Brian Pendreigh

Paris, that most elegant of cities… and I am dressed in an old pair of beige chinos, a tee-shirt from the Bupa Great Caledonian Run of 2002, one of the newer items in my ensemble, and a paint-stained blue jumper with a Royal Mail crest on it. It was a raffle prize at a charity dinner about 20 years ago. It came with some golf balls and it was supposedly a Royal Mail golf set… yeah right, that is a surplus postie’s jersey.

I am not heading for the latest chic nightclub, which is probably closing right about now. It is still dark, as I step out of the hotel, to run round the city as part of the annual Paris Marathon. But first things first, and breakfast at the one café on the Place de la Nation that is open at 6 am, Le Dalou, and that tasty Parisian serving of croissant, buttered baguette, fresh orange juice and rich coffee.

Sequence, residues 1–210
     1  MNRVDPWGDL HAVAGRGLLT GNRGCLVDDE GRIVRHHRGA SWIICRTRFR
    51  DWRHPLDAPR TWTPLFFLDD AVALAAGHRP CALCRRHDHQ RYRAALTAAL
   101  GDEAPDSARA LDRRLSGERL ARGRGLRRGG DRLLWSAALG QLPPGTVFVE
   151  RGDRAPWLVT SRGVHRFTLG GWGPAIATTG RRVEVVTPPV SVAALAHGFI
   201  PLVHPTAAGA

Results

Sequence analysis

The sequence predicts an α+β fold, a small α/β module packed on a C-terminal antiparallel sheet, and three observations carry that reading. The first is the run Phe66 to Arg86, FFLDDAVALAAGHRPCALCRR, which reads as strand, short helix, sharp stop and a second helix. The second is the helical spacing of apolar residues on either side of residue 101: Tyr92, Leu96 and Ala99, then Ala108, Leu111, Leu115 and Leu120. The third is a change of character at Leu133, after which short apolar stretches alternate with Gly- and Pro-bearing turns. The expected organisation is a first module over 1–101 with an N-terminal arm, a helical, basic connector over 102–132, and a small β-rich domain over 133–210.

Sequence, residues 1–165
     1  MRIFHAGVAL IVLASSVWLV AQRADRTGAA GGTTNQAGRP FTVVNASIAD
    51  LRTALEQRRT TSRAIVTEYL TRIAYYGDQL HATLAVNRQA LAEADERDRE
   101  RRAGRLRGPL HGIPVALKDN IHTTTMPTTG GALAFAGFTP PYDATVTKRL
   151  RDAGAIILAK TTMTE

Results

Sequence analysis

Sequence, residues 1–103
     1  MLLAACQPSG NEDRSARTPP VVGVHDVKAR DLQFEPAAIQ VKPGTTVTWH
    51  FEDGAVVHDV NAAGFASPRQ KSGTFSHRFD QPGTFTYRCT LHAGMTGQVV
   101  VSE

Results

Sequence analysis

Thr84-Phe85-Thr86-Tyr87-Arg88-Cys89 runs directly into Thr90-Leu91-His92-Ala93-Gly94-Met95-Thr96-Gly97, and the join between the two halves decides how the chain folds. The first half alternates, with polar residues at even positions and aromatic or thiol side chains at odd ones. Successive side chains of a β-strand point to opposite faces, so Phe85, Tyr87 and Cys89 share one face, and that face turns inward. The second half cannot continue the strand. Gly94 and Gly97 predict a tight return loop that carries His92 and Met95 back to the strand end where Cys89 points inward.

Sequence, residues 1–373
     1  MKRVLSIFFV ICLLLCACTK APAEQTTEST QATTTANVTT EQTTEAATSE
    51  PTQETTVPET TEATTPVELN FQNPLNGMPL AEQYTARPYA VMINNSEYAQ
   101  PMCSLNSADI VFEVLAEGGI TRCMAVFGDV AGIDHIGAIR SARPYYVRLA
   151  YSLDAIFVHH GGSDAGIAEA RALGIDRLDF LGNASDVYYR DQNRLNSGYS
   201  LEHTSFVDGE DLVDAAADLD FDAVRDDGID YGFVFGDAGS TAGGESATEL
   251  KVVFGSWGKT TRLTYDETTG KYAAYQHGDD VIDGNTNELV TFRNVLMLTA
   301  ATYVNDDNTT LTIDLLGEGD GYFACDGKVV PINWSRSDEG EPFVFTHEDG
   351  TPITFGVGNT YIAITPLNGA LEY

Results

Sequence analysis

Place de la Nation is one of the great hubs, a wide open space, with around a dozen streets leading off it. They chopped a lot of heads off here back in the 18th Century, including the Martyrs of Compiègne, 11 nuns, three lay sisters and two associates, who refused to acknowledge the authority of the revolutionary government over the church.

They ranged in age from 29 to 79 and sang hymns as they were led to the guillotine, just days before the fall of Maximilien Robespierre and the end of the Reign of Terror. They are buried in a mass grave in Picpus Cemetery, a few minutes walk from Place de la Nation. It is the final resting place of around 1300 victims of a glorious six-week head-chopping spree. Paris is full of stories.